Saturday, February 22, 2014

Hell in Ukraine: 'Where the West Ends"

Review by Bill Doughty
In "Where the West Ends: Stories from the Middle East, the Balkans, the Black Sea, and the Caucasus," reporter Michael J. Totten takes road trips and detours to describe "scars from the communist era, both physical and emotional."
The road to Borjomi, Georgia from
If the road to hell is paved with good intentions, the road to and from communism seems to be paved with potholes. Totten measures the potholes in Eastern Europe by the size of various kitchen appliances that could fit inside.

He has a special view of taxis.  He writes, "No one has given me more trouble in the Middle East than people who drive for a living."

While not quite stereotyping, he tries to explain how the various religious, ethnic and cultural differences evolved in the Balkans:
"Ethnicity in the Balkans, as in the Middle East, has nothing to do with biological characteristics.  Expanding and contracting empires of both the East and the West have mixed up the gene pools everywhere in both regions. American-style racial categories make no sense there. An Orthodox Christian in the former Yugoslavia who speaks Serbo-Croatian as a first language is a Serb no matter where his ancestors may have lived hundreds of years ago.  And that's true whether he attends church or not. Religious belief as such is no more relevant to ethnicity in the Balkans than it is inside Israel. Dark-eyed or dark-skinned Slavs are even more common in Serbia than white-skinned or blue-eyed Arabs are in North Africa and the Levant -- and the Arab world has more white-skinned and blue-eyed Arabs than you might think if you've never been there to see it. Blue-eyed Arabs are often the children of Crusaders. Dark-skinned Slavs tend to be the descendants of Ottoman Turks."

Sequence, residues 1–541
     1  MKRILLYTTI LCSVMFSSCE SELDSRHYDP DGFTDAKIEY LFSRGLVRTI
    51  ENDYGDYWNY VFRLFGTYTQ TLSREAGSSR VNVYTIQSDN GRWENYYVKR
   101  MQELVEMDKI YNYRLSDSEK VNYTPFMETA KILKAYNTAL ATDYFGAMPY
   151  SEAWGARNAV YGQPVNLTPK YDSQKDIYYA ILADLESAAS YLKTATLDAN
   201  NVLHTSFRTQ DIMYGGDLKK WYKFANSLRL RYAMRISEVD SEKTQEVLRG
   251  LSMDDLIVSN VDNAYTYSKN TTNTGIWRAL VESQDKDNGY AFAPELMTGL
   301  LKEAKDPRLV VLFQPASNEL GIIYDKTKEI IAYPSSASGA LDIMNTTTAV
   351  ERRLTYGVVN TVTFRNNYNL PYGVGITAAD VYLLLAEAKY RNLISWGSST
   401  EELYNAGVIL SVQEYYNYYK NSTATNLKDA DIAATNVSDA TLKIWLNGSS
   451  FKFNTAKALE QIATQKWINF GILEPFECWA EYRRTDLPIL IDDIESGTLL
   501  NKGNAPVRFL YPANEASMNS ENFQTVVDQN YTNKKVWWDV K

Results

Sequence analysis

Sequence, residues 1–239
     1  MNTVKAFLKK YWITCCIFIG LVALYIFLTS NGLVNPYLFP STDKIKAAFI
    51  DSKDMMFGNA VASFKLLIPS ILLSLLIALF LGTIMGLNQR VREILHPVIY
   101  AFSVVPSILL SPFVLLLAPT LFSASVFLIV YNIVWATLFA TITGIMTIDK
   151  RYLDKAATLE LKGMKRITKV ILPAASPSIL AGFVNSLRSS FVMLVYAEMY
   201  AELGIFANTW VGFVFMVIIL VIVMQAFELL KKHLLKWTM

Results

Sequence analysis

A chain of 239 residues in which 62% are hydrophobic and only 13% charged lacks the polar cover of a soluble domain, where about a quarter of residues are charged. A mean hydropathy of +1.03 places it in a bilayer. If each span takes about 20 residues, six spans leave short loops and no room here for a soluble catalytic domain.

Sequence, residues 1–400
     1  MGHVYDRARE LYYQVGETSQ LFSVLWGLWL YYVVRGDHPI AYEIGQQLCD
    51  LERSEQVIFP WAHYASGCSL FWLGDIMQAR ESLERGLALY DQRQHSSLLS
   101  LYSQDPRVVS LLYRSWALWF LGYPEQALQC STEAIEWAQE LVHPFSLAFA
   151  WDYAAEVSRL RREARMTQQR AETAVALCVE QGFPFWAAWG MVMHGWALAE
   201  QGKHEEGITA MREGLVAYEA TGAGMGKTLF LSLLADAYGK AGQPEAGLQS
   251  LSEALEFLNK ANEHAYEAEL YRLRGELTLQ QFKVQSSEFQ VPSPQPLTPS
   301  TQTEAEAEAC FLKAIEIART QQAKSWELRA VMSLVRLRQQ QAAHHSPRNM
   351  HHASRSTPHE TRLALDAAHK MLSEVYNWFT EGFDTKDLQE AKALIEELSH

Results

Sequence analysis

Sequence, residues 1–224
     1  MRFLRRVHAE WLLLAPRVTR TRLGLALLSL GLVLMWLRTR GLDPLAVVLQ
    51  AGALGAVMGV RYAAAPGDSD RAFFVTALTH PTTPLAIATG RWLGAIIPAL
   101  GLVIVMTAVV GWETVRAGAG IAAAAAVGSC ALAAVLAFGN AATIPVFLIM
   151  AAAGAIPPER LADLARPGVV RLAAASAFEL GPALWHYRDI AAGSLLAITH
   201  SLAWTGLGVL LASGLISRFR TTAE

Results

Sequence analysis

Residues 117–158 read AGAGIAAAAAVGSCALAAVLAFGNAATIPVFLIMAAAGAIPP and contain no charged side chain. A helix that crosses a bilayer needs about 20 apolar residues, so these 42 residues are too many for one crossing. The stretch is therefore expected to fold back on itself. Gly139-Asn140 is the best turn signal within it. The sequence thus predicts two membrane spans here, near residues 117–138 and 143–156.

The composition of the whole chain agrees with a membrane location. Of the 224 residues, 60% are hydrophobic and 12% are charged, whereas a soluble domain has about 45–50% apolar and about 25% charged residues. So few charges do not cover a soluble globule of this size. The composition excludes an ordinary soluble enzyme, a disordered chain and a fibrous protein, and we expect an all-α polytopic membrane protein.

In trips to Kosovo, Georgia, Romania and Ukraine, the dark shadows and ghosts of the former Soviet Union continue to loom. Totten gives us history lessons and insights through his colorful interactions with locals.

He quotes Daniel Apostol, editor in chief of Romania's Money Channel,who recounts the rise and fall of Ceausescu's totalitarian state:
"Communism changed our mentality. We are fighting now to come back to what we were. We lost the culture of private property. We lost this sense of privacy and respecting each other's time and respecting people as individuals, as human beings. That was the worst thing that happened to us. This is why we are struggling so much now to get back to the capitalist society, to the free market, which can run only if there is respect for private property."
Kennan as a young man in 1924
Totten seems to strive to prove a quote from George F. Kennan, America's ambassador to the Soviet Union under President Truman, and a contemporary and colleague of Secretary of the Navy James Forrestal.

Kennan's quote is used twice in "Where the West Ends": "Russia can have on its borders only enemies or vassals."

Of Ukraine's capital, Totten writes, "Kiev is what Moscow and St. Petersburg wish they were." Totten visited years before the recent uprising that saw street demonstrations and snipers in Kiev in 2014.